Living on Linux

Auto mounting a drive in Linux


The goal here is to automatically mount an SSD drive I added internally to my laptop when I boot it up.

Creating the directory structure

We will be mounting the drive to /media/data. The /media folder is where you should be mounting drives on a Linux system. I am on Arch, which does not come with this folder out of the box, so I will have to create it and the data folder, which is the name I am giving the drive I am mounting. You can name yours anything you'd like.

cd /
sudo mkdir media
cd media
sudo mkdir data

Getting information on the drive to be mounted

Next we'll need some information on the drive that we'll be mounting. Most importantly its UUID, which is an id the system uses to recognize this drive.

First well use lsblk to find the right drive.


This will list all drives on your system. Usually it's easy to see which name is associated with your drive by looking at the size of the drives. This is my output:

sda 8:0 1 57.3G 0 disk
├─sda1 8:1 1 798M 0 part
└─sda2 8:2 1 15M 0 part
zram0 254:0 0 4G 0 disk [SWAP]
nvme1n1 259:0 0 465.8G 0 disk
├─nvme1n1p1 259:3 0 511M 0 part /boot
└─nvme1n1p2 259:4 0 465.3G 0 part /home
nvme0n1 259:1 0 1.9T 0 disk
└─nvme0n1p1 259:2 0 1.9T 0 part

The drive I want is the one with 1.9T of storage space and I would like to use the "nvme0n1p1" partition on it. We will need this ID in the next command:

sudo blkid | grep [ID]

This will provide you with an output which has all the information on your drive. Mine looks like this:

/dev/nvme1n1p1: LABEL="Data" UUID="ab8bbd93-ebbf-4827-b08c-6d89efe123ef" UUID_SUB="a0133592-e3ce-4879-a41d-cd1b181753b0" BLOCK_SIZE="4096" TYPE="btrfs" PARTUUID="f0a17384-01"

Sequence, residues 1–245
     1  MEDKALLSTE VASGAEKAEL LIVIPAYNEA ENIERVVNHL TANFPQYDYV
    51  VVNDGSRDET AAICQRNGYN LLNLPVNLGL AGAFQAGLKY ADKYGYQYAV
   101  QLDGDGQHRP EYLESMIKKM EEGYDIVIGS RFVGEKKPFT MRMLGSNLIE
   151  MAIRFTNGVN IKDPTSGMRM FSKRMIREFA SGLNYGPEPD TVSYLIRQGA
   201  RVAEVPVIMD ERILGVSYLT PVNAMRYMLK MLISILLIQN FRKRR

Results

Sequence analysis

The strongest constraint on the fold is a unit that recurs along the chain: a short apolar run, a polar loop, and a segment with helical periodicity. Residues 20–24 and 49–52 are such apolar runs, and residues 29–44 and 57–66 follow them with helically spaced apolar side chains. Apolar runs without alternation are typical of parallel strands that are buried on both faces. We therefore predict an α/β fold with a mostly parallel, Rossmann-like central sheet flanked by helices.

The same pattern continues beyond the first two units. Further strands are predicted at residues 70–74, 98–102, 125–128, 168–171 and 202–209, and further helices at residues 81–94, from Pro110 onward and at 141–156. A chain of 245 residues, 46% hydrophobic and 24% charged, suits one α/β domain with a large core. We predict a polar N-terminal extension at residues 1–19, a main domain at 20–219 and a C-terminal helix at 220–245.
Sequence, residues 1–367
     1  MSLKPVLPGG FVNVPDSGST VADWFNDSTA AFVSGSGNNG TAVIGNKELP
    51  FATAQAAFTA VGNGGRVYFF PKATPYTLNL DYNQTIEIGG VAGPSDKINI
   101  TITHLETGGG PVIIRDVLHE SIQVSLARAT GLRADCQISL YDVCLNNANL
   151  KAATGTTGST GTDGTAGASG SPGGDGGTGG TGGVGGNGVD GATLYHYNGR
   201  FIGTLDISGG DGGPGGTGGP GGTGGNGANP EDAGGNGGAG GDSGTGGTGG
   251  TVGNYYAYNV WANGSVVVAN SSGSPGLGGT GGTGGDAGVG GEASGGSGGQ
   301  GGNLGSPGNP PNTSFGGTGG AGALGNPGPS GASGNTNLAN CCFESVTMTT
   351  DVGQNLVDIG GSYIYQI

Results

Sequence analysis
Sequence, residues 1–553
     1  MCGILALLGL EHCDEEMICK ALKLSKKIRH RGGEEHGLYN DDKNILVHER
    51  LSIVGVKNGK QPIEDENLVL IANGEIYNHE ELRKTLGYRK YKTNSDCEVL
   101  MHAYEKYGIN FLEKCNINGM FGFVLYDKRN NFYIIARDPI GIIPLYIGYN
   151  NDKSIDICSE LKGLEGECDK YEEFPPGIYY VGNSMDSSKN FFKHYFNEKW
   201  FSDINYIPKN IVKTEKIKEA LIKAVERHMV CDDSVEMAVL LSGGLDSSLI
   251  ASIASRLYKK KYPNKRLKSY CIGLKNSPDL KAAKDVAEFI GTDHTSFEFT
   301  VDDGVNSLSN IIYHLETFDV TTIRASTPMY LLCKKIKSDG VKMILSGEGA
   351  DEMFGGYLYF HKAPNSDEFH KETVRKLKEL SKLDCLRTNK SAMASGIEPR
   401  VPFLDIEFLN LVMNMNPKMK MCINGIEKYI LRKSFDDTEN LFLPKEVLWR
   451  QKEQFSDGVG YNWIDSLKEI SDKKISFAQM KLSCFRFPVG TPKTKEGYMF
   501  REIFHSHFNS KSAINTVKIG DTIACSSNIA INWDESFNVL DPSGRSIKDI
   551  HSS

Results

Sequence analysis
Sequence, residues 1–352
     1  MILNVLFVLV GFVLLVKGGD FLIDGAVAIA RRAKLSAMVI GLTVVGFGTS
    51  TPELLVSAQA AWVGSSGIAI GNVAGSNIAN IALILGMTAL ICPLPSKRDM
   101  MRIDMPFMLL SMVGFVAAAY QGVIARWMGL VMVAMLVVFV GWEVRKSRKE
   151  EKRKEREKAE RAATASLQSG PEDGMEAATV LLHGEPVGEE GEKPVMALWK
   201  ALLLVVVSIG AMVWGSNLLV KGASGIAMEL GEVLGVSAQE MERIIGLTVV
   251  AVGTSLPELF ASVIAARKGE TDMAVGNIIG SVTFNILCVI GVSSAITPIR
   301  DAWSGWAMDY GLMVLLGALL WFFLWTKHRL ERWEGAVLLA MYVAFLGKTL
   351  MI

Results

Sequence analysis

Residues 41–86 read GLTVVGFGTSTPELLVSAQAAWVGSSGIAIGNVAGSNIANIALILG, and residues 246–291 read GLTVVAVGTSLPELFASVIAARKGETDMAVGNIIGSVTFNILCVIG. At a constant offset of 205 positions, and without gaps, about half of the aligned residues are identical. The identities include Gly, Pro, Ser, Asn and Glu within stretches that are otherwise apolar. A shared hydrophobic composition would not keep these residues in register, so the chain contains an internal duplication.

Adding the drive to fstab

Auto mount magic will be done for us by fstab. Open the fstab file, replacing [your editor] with the editor of your choice. If you're unsure, you can use nano.

sudo [your editor] /etc/fstab

We will now add our drive to the bottom of the fstab file in the following format:

# [name]
UUID=[uuid of your drive] [mount point] [file system type] [mount option] [dump] [pass]

Putting it all together I will add the following to the fstab file:

# /dev/nvme1n1p1
UUID=ab8bbd93-ebbf-4827-b08c-6d89efe123ef /media/data btrfs defaults 0 0

Save and close the file.

Enable the changes

We will first reload the daemon so systemd will use the newly modified version of fstab.

sudo systemctl daemon-reload

Next we will mount the new drive manually.

sudo mount -a

Be sure to check if there are any issues by taking a look at dmsg.

sudo dmesg -wH

If all went well, the new drive should be mounted. You can check in your file manager or re-run the lsblk command to see that after the name of your drive, there's now also a mount point listed.

Owning the drive

Considering this is all done by your system, chances are the file system on your drive is owned by root. This is not very handy, as you'd constantly would have to interact with it as root (through sudo). We do not want this, so we will be handing ownership of the entire media directory and everything in it to our user.

sudo chown -R [username] /media 

Where [username] would be your own username, obviously.


Reboot to see it it all went fine. Remember, if there was a problem your system might not boot. You can edit fstab through a TTY at /etc/fstab.

And that's it. Every time you boot, your drive will boot with you!